Timber flooring is a timeless product, offering a warmth and natural beauty largely unmatched by other flooring options. This article provides an overview of the installation of solid timber strip flooring over bearers and joists, timber based sheet flooring products and concrete slabs. Timber flooring is typically supplied as either solid timber or laminated wood products, made from layers of bonded timber. It fits together with a tongue and groove joint and once in place, is sanded and finished. There is a wide variety of species to select flooring from and the right species for a given application will be dependent on numerous factors. Information relating to species selection, environmental assessment, finish selection and recommended maintenance routines are all provided in this section.

Framing

Lightweight timber construction typically comprises framed and braced structures to which one or more types of cladding are applied. Framing configurations can range from the closely spaced light timbers commonly seen in stud frame construction to large, more widely spaced timbers. A timber framed building can be placed on a concrete slab or on posts/poles or bearers resting on piers/stumps supported on pad footings.

Used in houses or multi-residential dwellings, lightweight timber construction offers the flexibility of a wide range of cost effective design options.

When the timber comes from sustainable sources, this construction method can be environmentally advantageous as it combines timber's low embodied energy with its capacity to store carbon.

Joinery

Timber joinery products offer a classic, unique and stylish touch to any interior or exterior design. The products are produced for a variety of internal applications including door and window frames, cabinetry, skirtings, mouldings and architraves. When looking to the outdoors, joinery products range from decorative eaves and posts to eye-catching railings.

Many timber species are suitable for joinery products and care should be taken in selecting the perfect timber for the particular product and its intended finish. Rare and exotic species such as Teak and Rosewood can generate pieces of outstanding beauty but material cost and availability are also important considerations.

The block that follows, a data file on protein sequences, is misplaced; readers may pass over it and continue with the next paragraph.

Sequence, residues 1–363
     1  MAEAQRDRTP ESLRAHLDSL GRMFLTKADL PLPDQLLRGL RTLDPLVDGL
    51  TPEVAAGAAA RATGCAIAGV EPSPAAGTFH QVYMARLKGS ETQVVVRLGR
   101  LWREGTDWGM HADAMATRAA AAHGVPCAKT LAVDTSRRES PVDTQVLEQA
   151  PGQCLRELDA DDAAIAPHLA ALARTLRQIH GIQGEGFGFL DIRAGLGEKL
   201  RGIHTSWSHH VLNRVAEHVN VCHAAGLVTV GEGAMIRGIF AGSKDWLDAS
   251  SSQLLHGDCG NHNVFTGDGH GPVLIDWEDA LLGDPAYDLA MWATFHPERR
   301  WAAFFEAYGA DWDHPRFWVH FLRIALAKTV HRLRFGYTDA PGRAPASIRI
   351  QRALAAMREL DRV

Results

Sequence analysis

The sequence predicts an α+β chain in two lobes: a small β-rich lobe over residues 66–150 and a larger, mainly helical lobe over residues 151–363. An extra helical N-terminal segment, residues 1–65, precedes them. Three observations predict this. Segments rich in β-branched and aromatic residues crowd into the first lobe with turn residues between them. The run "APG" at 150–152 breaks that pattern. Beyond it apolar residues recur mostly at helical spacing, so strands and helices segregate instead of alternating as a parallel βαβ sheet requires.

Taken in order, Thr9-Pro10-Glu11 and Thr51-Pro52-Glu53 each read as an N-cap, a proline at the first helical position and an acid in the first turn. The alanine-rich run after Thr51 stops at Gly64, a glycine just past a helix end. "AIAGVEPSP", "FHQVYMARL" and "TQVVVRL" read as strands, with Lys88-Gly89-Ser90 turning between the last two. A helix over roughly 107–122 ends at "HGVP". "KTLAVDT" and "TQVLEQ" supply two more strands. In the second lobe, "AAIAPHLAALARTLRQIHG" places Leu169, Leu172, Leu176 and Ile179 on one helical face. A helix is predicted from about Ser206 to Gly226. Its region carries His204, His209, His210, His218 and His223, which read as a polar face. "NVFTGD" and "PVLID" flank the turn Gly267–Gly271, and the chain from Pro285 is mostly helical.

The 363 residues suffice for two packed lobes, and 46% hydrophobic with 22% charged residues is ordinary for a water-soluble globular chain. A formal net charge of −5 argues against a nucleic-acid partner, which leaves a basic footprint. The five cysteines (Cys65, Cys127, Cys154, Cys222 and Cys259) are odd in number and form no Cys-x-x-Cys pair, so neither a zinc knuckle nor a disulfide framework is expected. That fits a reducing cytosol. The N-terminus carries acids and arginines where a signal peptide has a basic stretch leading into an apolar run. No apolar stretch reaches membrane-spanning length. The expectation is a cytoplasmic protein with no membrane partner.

Commercially available species like Tasmanian oak, Australian cypress, spotted gum and the like, often make the more practical choice, with the added benefit that they can be easily matched with other timber products within the building, like flooring.

Solid timber for joinery products is generally supplied as ‘clear finish grade' but ‘paint grade' options are available and these are usually comprised of a composite material like MDF or glulam.

A large number of specialist suppliers and producers offer the consumer extensive choice of profiles for all of the most common and popular joinery products. Choice is in many cases, limited only by imagination.

Cabinetry is often associated with joinery and most typically includes, cupboards, benches and other similar ‘built in' furniture. Like joinery, cabinetry is generally specified as either paint or clear finish grade and naturally for clear finish grade timbers, appearance and surface finish are critical in achieving a successful application.

 

Panelling, Interior

Internal panelling, also known as appearance boards and linings, is not just a practical means of covering one or more walls and ceilings in a building, its inclusion in a room's interior design can generate looks that are both dramatic and stylish. Internal paneling comes as either solid natural timber paneling or as sheets of engineered wood products that provide a durable and hardwearing surface for areas subject to high impact. As they typically function as appearance products they generally have no structural requirements. This guide describes the variety of panelling products available and outlines the straightforward process of installing them.

Portal Frames

Timber portal frames are one of the most favoured structural applications for commercial and industrial buildings whose functions necessitate long spans and open interiors. As a material choice, timber offers designers simplicity, speed and economy in fabrication and erection.